Last updated: June 2021
Hi. My name is Matt. I’m a Libra. I’m a multiple myeloma patient. I like the Minnesota Vikings, dogs, hiking, swimming pools, and a good cold beer. Being a Libra means, I’m open-minded and I’m a horrible decision-maker. Not that I’m a deep believer in astrology, but the Libra scales are an apt and fitting description of me. With any decision, I waffle. I hem and haw. I have buyer’s remorse for almost anything I purchase, big or small. So what often happens is I make no decision, I get stuck. I drive myself crazy. It’s horrible. Over the years, I’ve tried to compensate for my inability to make decisions by making rash, irrational choices. Sometimes this works out, sometimes it doesn’t. Often I end up regretting my quick decisions.
Malcolm Gladwell wrote several books that I’m a big fan of, most particularly, The Tipping Point. He also wrote Blink, in which the central premise is that your gut is usually correct and you should go with it. He also said in a related podcast on decision making, that we can never really know if we made the right decision, because we have no idea how the path we didn’t choose would have ended up. I try to remind myself of this when I get stuck in a mental 'what if' loop.
Transplant or no transplant?
With my cancer, I‘ve had to make quick and informed decisions all along the way. Talk about going against the grain. Nine years ago, the big decision to make was transplant or no transplant. Initially, my plan was to do an autologous stem cell transplant. But the local facility I went to for a transplant consult said I didn’t meet their eligibility requirements, given the process might permanently damage my already severely damaged kidneys. At that point, I considered going out of state to a myeloma facility that would do the transplant, but at the same time, I had a consultation with a specialist who is not a transplant proponent. He talked about a patient’s quality of life.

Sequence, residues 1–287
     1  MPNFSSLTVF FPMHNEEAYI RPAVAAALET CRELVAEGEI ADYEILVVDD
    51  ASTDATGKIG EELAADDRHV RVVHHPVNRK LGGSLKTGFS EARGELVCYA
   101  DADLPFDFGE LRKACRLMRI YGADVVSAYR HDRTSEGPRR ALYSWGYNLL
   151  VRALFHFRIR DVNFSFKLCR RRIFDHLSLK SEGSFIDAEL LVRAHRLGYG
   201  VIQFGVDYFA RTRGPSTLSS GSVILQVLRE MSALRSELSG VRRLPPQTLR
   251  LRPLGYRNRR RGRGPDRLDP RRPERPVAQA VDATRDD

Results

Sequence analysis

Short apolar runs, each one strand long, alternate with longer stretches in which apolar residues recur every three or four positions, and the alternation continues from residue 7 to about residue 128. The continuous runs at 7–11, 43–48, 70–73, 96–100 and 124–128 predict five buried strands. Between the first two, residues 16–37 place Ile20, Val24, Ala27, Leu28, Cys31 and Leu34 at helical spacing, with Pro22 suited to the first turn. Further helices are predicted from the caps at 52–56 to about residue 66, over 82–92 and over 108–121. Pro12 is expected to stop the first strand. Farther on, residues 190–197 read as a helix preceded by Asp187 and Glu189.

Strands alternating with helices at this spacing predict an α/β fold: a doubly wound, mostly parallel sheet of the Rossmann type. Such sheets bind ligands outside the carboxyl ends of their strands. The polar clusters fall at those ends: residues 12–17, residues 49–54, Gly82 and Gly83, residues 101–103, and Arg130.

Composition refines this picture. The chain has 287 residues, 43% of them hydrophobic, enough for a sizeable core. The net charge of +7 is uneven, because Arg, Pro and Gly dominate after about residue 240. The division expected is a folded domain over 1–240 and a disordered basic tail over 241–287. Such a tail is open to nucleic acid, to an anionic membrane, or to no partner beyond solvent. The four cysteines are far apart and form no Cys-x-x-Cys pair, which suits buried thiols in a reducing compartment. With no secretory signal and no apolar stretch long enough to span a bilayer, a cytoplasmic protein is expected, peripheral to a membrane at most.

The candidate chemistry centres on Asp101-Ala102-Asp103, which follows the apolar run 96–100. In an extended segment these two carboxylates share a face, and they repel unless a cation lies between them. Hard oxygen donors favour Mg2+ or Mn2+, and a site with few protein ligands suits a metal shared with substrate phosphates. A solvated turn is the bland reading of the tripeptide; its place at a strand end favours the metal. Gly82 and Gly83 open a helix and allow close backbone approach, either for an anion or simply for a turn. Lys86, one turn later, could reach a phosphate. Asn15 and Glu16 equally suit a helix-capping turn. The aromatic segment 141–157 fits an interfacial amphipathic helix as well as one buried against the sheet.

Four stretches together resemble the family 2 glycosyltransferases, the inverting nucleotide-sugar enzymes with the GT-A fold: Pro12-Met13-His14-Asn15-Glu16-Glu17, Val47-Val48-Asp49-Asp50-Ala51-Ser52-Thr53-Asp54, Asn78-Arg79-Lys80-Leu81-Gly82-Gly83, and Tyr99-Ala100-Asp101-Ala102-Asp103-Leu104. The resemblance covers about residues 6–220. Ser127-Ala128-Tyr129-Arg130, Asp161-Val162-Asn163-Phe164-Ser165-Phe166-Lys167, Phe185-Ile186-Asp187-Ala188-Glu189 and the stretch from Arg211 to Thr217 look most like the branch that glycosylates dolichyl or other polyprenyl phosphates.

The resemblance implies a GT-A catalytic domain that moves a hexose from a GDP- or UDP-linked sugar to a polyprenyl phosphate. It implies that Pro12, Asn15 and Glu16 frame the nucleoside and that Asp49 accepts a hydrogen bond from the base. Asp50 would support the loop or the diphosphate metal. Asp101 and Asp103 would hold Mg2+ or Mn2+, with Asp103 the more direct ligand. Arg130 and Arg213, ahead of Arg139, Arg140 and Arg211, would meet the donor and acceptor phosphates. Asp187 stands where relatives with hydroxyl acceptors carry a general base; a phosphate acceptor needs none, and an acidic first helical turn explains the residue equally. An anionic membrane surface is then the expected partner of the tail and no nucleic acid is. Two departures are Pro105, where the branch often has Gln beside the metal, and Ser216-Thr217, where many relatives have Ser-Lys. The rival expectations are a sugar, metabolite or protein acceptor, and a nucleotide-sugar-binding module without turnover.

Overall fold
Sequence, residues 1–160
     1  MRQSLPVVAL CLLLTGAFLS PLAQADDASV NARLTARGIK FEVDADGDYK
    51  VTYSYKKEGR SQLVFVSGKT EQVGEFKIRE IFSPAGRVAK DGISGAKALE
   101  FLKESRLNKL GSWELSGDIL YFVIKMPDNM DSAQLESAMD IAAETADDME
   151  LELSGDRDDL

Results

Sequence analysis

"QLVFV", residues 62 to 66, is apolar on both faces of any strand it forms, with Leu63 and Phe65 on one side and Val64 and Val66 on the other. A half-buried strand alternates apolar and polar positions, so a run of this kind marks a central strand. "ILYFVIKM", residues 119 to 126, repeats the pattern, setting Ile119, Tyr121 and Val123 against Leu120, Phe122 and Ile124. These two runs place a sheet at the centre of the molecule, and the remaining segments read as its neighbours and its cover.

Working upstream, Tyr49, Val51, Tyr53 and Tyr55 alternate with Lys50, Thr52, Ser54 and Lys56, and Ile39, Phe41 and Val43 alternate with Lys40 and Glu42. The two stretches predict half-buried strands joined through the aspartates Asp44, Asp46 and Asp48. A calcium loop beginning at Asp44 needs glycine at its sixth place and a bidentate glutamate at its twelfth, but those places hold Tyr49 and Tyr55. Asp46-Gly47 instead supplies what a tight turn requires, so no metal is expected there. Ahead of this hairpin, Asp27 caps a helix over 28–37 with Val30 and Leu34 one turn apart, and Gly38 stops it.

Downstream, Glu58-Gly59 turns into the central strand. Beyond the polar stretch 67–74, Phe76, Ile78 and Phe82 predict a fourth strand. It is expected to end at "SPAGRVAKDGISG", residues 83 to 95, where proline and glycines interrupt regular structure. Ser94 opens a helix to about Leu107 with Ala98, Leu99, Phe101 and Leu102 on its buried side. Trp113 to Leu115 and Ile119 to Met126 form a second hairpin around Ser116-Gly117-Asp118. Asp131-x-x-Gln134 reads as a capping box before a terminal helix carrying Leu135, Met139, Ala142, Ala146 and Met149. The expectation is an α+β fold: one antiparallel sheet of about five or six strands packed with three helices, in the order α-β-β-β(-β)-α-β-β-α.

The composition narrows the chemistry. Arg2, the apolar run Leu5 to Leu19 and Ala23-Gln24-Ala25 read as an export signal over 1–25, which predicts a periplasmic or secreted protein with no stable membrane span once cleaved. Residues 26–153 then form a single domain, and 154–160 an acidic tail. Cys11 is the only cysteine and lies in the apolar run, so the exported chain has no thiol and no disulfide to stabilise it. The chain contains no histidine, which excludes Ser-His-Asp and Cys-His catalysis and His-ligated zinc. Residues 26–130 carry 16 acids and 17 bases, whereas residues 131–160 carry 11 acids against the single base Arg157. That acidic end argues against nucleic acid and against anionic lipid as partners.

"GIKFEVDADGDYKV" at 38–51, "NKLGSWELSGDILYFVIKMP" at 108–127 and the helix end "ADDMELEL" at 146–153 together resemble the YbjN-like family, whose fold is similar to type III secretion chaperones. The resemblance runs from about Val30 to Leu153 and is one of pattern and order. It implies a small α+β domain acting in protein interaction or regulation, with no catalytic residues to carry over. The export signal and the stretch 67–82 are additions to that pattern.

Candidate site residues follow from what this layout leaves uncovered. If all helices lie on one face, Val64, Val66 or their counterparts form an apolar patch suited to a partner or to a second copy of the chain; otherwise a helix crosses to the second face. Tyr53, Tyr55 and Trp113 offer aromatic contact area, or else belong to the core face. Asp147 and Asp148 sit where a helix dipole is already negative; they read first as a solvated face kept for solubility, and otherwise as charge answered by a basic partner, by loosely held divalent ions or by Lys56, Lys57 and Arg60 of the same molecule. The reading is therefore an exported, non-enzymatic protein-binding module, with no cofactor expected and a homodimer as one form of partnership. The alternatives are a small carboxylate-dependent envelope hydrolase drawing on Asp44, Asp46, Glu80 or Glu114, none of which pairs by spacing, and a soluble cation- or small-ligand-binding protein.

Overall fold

For me, almost miraculously, it was an easy decision. I did a bit of research, talked to friends and family, and choose the non-transplant route. Oh, also note, I’m a bit of a contrarian and have a stubborn streak. So not everyone in my circle agreed with my decision. Even at a support group meeting, I attended once and only once, some patients loudly voiced their disdain for my choice of doctor. Myeloma patients aren’t shy that is for sure. But the naysayers actually helped factor into my decision to go the non-transplant route.
Making informed decisions
Well, I’m just several months from hitting the ten-year mark with myeloma. I feel as good as I have felt since before being diagnosed. My kidneys will never be perfect, but they’re humming along. Finding a good kidney doctor, for me, has been a huge challenge. But I’ve been with the same nephrologist for several years and couldn’t be happier. Fortunately, with this success, I haven’t once questioned my decision on treatment. If I weren’t doing as well as I am, would I be so certain that I did the right thing? It’s hard to know.
For myeloma patients, fortunately, there are so many new choices on treatment. Immunotherapy has been a game-changer. Phew. If someone asks me which path to go for their treatment, I say that it’s different for everyone. Myeloma manifests in many ways. I tell people, see a specialist, make an informed decision, and don’t look back. If you’re informed, be confident in your decisions. Be positive.
And away from myeloma? I’m still a terrible decision maker.
What blood cancer were you diagnosed with?
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